The candidate is a junior investigator in pediatric nephrology with advanced training in clinical epidemiology. Her research is focused on the extra-skeletal actions of vitamin D and the unique challenges of managing vitamin D deficiency in patients with glomerular diseases complicated by nephrotic-range proteinuria. Vitamin D deficiency may be an important modifiable risk factor for renal disease progression and complications in these patients. Many small studies documented very low total 25-hydroxyvitamin D [25(OH)D] levels in nephrotic patients, but the underlying pathophysiology is poorly understood. Further, the safety and efficacy of supplementation in this sizeable patient population must be determined in order to prevent both potential toxicity and under-treatment. The candidate's preliminary work demonstrated that glomerular disease, particularly focal segmental glomerulosclerosis (FSGS), was an independent risk factor for low total and free 25(OH) D levels and vitamin D-binding protein (DBP) in children with chronic kidney disease. These findings implicate impaired tubular reabsorption of 25(OH) D-DBP complexes and/or increased vitamin D catabolism. The proposed project comprises: (1) an ancillary cross-sectional study of 450 participants in the NIH-funded Nephrotic Syndrome Study Network (NEPTUNE) and (2) a pilot study of cholecalciferol supplementation in 35 children and young adults with FSGS. Leveraging NEPTUNE's unique repository of standardized histopathology data, this work will be the first to determine the association between tubulointerstitial injury an vitamin D metabolites and to delineate the impact of fibroblast growth factor 23-promoted catabolism on vitamin D levels in these patients. The supplementation study will address the safety and efficacy of calciferol supplementation in proteinuric FSGS patients and use novel translational measures of innate immunity and intra-renal inflammation to assess the response to supplementation. The findings of this work will be critical to the design and conduct of subsequent vitamin D trials, and to the development of supplementation guidelines. The candidate's comprehensive career development plan includes didactic training in clinical trials and immunology, and mentorship by leaders in epidemiology, biostatistics, nephrology and immunology. She will draw on outstanding resources including the CHOP Research Institute and CTSA, the Center for Clinical Epidemiology and Biostatistics, and NEPTUNE. Her short-term goals are to: (1) dedicate 75% effort to this research and training program;(2) subsequently compete for NIH funds to support a trial of vitamin D supplementation and its impact on immune function and infectious complications in patients with glomerular diseases;and (3) expand the NEPTUNE study to relate baseline vitamin D levels and measures of mineral metabolism to cardiovascular disease, infections and renal disease progression. Her long-term goal is to lead an NIH-funded translational research program in children and adults with glomerular disease, with an emphasis on interventions to reduce complications and disease progression in this high-risk population.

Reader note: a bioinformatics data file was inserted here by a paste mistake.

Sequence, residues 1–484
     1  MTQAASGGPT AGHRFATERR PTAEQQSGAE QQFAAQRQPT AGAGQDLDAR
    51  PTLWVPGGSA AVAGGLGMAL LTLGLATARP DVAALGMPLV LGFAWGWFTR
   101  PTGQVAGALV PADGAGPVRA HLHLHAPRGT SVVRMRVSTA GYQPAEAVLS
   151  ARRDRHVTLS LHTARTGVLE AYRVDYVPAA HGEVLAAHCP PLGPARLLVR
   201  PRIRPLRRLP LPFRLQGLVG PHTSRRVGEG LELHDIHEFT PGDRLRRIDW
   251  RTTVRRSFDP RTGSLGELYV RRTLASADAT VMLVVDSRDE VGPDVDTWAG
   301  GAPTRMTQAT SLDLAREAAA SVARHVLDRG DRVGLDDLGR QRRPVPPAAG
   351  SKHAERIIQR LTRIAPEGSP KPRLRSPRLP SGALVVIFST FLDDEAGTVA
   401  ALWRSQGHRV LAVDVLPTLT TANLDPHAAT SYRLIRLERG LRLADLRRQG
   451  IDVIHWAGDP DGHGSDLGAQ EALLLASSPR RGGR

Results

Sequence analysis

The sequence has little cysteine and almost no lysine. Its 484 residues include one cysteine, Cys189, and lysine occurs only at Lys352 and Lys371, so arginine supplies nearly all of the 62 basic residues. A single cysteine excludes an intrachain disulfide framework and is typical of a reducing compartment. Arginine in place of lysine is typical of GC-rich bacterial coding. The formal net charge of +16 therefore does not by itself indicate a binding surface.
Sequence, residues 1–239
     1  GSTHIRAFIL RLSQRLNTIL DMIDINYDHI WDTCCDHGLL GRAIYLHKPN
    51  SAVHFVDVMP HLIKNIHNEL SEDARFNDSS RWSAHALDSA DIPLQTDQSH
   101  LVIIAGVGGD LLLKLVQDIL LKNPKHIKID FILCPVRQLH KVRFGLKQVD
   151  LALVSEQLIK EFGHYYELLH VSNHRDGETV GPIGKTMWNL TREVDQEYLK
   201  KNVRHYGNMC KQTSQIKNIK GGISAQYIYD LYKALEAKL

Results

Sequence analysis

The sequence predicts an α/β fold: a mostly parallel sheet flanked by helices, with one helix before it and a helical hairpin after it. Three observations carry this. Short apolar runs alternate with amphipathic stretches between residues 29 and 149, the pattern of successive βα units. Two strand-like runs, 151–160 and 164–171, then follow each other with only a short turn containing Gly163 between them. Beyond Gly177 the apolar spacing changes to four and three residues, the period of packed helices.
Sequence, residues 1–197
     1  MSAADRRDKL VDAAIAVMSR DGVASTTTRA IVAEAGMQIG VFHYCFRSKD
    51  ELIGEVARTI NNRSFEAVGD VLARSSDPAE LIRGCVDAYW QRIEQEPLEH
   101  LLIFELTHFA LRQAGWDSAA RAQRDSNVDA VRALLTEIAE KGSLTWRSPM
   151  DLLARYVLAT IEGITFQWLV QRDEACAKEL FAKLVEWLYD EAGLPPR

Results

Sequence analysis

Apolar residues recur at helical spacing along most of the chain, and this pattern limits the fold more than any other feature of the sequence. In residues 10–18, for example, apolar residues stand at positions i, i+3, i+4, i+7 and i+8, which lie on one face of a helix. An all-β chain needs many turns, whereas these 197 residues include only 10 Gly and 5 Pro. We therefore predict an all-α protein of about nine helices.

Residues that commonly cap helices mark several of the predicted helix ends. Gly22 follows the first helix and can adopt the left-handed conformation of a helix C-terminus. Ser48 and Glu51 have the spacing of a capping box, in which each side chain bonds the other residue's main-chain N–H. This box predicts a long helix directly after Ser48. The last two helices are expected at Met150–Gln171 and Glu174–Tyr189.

Vitamin D deficiency has been linked to a variety of adverse health outcomes. Nephrotic patients have very low vitamin D levels, and the underlying mechanisms are not known. Furthermore, approaches to safely and effectively supplement vitamin D in these patients have not been established. The insights gained from this study are necessary to inform subsequent trials of vitamin D therapy to improve outcomes and develop unique supplementation guidelines for children and adults with diseases complicated by nephrotic syndrome.
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